With publicly disclosed investments of $250,000 from a Cleveland economic development group and $400,000 from an Illinois angel group, rudimentary mathematics tell us heart monitoring startup Endotronix Inc. has raised at least $650,000.
The company’s latest funding round went above that amount, but Endotronix isn’t saying by how much. For competitive reasons, co-founder Harry Rowland is keeping details of the company close to his vest, declining to provide the full amount of the company’s latest funding.
But Rowland did reveal a few facts about Endotronix, which is developing a wireless, implantable heart monitor that would alert doctors about blood pressure changes in heart failure patients, during a phone interview with MedCity News. (Rowland was unavailable for comment Oct. 12, when the funding was announced).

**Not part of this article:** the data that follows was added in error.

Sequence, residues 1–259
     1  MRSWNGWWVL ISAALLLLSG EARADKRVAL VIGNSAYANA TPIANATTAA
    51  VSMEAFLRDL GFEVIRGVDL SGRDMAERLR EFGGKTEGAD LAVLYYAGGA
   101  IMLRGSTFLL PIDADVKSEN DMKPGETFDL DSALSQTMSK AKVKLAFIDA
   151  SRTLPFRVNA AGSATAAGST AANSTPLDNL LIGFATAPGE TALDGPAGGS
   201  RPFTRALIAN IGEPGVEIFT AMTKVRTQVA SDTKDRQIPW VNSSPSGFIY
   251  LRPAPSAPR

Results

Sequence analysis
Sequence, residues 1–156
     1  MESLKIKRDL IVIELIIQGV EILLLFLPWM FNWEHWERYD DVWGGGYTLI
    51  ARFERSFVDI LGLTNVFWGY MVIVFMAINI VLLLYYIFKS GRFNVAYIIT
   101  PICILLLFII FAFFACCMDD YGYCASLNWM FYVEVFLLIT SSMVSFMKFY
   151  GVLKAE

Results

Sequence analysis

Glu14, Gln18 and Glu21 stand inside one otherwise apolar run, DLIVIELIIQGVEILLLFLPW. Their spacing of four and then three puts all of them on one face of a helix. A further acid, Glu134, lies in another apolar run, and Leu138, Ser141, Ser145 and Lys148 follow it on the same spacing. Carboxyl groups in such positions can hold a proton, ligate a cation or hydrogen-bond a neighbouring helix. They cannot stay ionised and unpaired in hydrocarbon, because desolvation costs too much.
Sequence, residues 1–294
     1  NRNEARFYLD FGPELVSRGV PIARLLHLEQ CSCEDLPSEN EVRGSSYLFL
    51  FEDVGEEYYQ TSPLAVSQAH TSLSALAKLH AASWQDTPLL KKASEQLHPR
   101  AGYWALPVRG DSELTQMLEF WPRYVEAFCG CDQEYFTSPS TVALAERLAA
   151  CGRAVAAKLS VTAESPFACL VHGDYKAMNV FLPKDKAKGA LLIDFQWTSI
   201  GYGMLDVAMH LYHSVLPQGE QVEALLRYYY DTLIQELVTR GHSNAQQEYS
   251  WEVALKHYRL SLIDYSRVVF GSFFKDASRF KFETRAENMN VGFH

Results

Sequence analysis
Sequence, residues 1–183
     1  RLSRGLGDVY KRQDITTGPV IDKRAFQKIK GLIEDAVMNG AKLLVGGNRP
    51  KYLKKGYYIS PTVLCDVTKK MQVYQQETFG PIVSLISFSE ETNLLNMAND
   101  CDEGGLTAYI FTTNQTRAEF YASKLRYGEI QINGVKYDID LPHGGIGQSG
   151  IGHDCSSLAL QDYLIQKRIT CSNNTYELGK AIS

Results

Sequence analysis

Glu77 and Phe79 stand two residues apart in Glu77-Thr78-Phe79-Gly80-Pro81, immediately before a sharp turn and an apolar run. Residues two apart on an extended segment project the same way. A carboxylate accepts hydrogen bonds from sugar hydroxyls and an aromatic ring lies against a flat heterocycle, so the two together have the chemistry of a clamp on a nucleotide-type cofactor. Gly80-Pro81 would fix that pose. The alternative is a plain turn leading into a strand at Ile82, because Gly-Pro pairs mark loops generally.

Vice president of engineering and the company’s only full-time employee, Rowland said it’d likely be “a couple years” before the device hits the market, due in part to regulatory uncertainty. It’s too early to tell whether the company will seek 510(k) clearance from the Food & Drug Administration or the more stringent pre-market approval process. The company no doubt would prefer the quicker, cheaper 510(k) route.
The device has been tested in animals but has not yet entered human clinical trials, Rowland said.
Based in East Peoria, Ill., Endotronix has another office in Richmond Height, a suburb of Cleveland. Rowland characterized the Cleveland office as its headquarters for corporate meetings and strategic planning, whereas most product development and prototyping happens in East Peoria.
In addition to the investment from Cleveland economic development group JumpStart, Endotronix has strong ties to northeast Ohio. The company is conducting animal tests of its device at Cleveland Clinic, has licensed its technology from Cleveland’s NASA Glenn Research Center and has previously received a grant from the Lorain County Community College Foundation Innovation Fund.
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